Monday, April 21, 2008

Baheliyas actively involved in poaching of lions, says CID


Baheliyas actively involved in poaching of lions, says CID

Ahmedabad, April 20 The Baheliya community is “actively involved” in the poaching of Asiatic lions in the Gir sanctuary, the Gujarat CID has said.

In a letter to Junagadh Range IG Mohan Jha, CID (Crime) Officer Keshav Kumar has said: “Under the garb of selling traditional medicines and toys, this tribal community indulges in the poaching of wild animals.”

There are about 15,000 Baheliyas, basically from Katni from Madhya Pradesh, who are actively involved in poaching all over the country.

“They camp on the outskirts of the town and put up a tent along the roads and sell medicine and toys. The men go out in the forest during night to hunt animals and the women sell them. They travel mostly by trains and state transport buses to avoid police checking,” the letter said.

According to the letter, the poachers never divulge their real names and move around with pseudonyms like, ‘cycle-bhai,’ ‘motor-singh’ and ‘diesel-singh.’

After killing the animals, they bury the body parts underneath the central tent pole or the makeshift oven, or in the vicinity of the camp. Sometimes they are hidden on trees. They hide their poaching-tools in the ground within a radius of 500 to 1,000 metres from their tent, the letter said.

“The women hide cash inside their “ghaghras.” They also hide the cash and the wild animals inside the plaster, which may be covering the hand or the leg. In one case, Rs 1 lakh was hidden inside the plaster,” it said. “Even the children are expert bird-netters and can perfectly imitate the call of birds. If they are caught, they pretend to be beggars ignorant. But they are very much conversant with the legal rights and investigations and change their statements often. They often hide mobile phones with them and keep in touch with the gang members through these,” the letter added.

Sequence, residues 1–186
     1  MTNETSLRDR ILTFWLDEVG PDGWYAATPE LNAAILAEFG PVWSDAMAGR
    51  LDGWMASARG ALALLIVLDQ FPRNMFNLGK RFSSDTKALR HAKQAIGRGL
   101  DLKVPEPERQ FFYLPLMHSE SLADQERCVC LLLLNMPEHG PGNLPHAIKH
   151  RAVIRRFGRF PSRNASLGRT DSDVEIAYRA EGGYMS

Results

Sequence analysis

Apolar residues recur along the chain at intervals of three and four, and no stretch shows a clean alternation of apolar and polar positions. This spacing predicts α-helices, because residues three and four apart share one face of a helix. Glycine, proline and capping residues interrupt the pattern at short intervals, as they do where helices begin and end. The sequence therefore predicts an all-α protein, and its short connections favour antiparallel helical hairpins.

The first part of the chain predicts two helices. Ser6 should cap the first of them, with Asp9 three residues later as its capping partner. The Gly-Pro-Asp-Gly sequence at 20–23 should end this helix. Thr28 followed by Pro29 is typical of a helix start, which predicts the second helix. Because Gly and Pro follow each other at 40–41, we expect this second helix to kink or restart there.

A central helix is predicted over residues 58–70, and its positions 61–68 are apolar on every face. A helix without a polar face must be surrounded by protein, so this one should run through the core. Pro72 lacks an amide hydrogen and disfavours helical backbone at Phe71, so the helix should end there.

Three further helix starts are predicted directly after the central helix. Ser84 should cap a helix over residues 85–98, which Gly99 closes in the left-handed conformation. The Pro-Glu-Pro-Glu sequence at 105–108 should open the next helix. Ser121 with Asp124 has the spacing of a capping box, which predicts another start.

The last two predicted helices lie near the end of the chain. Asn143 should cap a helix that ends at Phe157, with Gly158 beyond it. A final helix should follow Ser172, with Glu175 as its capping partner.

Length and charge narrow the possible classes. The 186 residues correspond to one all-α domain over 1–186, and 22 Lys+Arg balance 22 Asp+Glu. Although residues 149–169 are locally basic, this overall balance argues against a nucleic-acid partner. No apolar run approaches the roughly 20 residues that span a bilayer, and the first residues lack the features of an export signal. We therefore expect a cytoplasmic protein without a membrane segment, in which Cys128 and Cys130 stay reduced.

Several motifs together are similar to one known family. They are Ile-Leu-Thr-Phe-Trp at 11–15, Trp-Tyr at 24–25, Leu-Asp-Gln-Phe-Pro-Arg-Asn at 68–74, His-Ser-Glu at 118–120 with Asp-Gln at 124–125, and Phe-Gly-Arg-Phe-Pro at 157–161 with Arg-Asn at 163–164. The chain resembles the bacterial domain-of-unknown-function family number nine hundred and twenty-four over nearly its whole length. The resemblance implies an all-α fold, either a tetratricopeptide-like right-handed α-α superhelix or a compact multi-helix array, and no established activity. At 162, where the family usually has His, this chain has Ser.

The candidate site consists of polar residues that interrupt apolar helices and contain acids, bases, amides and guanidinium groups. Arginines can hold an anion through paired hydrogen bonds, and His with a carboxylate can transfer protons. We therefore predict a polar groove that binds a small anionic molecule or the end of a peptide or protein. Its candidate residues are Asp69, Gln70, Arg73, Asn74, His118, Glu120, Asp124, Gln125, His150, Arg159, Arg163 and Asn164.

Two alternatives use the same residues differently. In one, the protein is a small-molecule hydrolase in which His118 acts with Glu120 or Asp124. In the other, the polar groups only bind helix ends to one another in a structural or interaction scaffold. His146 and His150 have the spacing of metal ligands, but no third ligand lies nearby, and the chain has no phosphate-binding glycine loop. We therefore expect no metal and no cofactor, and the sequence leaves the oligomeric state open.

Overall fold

Though the state CID has arrested many members of the tribe, including the kingpin Sharkashlal, they are yet to recover any body parts of the poached lions.

There has been no incident of poaching since last April year in Gir, but the CID letter said the community returns when the heat of the police and forest patrolling dwindles.

P N Roychowdhary, former Principal Secretary (Forest and Environment) said, “The police have gathered evidence to establish that it is the same tribe of poachers who were responsible for the deaths of tigers in Sariska and other sanctuaries.”

Around eight lions were poached in different areas in and around the Gir Wildlife Sanctuary last March and April.

There is a huge demand for the bones and other body parts of lions in China while the claws of the big cats fetch around Rs 25,000 even in India, Forest Department sources said.

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